But some Democrats see danger in the party’s pandering to the hard Left, as it has spurred a #WalkAway movement — a growing number of moderates leaving the party from which they’ve become alienated. As The Hill notes, “Despite Ocasio-Cortez’s new high profile, some House Democrats are expressing concerns about the Democratic candidate, fearing she could drive a wedge within the party by pushing policies from the left.”

Indeed, it’s beginning to look like Ocasio-Cortez may be becoming more of a liability than an asset to Democrats.

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Paul Nails Brennan for Trump Derangement Syndrome

As we’ve duly noted, President Donald Trump blundered in his Helsinki press conference Monday with Vladimir Putin. But, as we’ve also observed, the response of hyperventilating leftists infected with Trump Derangement Syndrome is way over the top. Such was the case with former CIA Director John Brennan.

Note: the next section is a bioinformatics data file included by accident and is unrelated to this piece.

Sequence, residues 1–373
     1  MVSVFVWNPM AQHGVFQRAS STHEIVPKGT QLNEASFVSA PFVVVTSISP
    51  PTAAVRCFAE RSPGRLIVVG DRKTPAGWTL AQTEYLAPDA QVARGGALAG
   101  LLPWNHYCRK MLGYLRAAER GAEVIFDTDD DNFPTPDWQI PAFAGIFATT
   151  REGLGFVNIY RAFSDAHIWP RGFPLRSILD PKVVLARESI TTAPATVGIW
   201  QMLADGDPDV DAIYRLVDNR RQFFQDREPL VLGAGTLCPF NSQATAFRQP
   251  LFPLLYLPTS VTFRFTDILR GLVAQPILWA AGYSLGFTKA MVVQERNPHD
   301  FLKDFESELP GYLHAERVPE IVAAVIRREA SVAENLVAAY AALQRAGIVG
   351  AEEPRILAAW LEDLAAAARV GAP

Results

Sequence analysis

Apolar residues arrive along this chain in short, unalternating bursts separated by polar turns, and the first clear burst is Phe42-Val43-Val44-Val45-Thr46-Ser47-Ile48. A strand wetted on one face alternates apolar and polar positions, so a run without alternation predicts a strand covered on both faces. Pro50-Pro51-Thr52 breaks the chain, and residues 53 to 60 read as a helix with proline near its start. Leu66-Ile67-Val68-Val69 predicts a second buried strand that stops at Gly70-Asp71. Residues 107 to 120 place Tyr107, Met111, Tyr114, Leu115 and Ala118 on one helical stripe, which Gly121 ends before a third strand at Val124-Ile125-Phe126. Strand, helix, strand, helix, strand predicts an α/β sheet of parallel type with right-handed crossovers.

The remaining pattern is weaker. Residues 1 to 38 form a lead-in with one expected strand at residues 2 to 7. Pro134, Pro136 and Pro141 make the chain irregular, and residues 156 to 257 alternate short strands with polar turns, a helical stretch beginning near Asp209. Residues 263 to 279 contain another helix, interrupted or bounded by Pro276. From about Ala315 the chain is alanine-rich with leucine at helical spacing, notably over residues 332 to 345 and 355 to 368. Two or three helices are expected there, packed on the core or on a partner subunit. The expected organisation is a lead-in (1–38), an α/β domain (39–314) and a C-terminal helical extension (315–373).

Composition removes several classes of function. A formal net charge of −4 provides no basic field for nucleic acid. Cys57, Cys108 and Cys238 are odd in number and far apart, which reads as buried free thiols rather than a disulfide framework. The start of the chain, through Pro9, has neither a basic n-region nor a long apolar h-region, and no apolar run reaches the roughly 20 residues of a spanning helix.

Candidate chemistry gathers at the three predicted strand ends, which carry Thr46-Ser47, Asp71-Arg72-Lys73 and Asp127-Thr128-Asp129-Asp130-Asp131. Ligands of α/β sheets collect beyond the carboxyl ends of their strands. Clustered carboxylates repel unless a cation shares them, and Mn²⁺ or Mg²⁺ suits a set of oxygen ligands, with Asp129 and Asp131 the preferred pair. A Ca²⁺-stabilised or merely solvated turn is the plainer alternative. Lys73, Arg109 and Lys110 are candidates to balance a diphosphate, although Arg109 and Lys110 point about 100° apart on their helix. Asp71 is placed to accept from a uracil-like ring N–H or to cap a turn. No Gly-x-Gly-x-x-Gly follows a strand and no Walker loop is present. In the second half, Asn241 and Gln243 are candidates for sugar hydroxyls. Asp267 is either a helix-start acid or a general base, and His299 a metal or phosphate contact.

“Donald Trump’s press conference performance in Helsinki rises to & exceeds the threshold of ‘high crimes & misdemeanors,’” Brennan declared. “It was nothing short of treasonous. Not only were Trump’s comments imbecilic, he is wholly in the pocket of Putin. Republican Patriots: Where are you???”

Well, Sen. Rand Paul (R-KY) has come to the president’s defense. “It makes me wonder whether [Brennan] should be getting a government pension if he’s going to be disrespecting the commander-in-chief, calling the president treasonous,” Paul responded. “That’s about as overtop as you can imagine.”

Context matters, too. “You have to realize John Brennan started his illustrious career by voting for the Communist Party. … That’s who he wanted to win the presidency back in the ‘70s,” Paul said. “When he came to be head of the CIA, I filibustered him because I thought he was bad news from the very beginning.”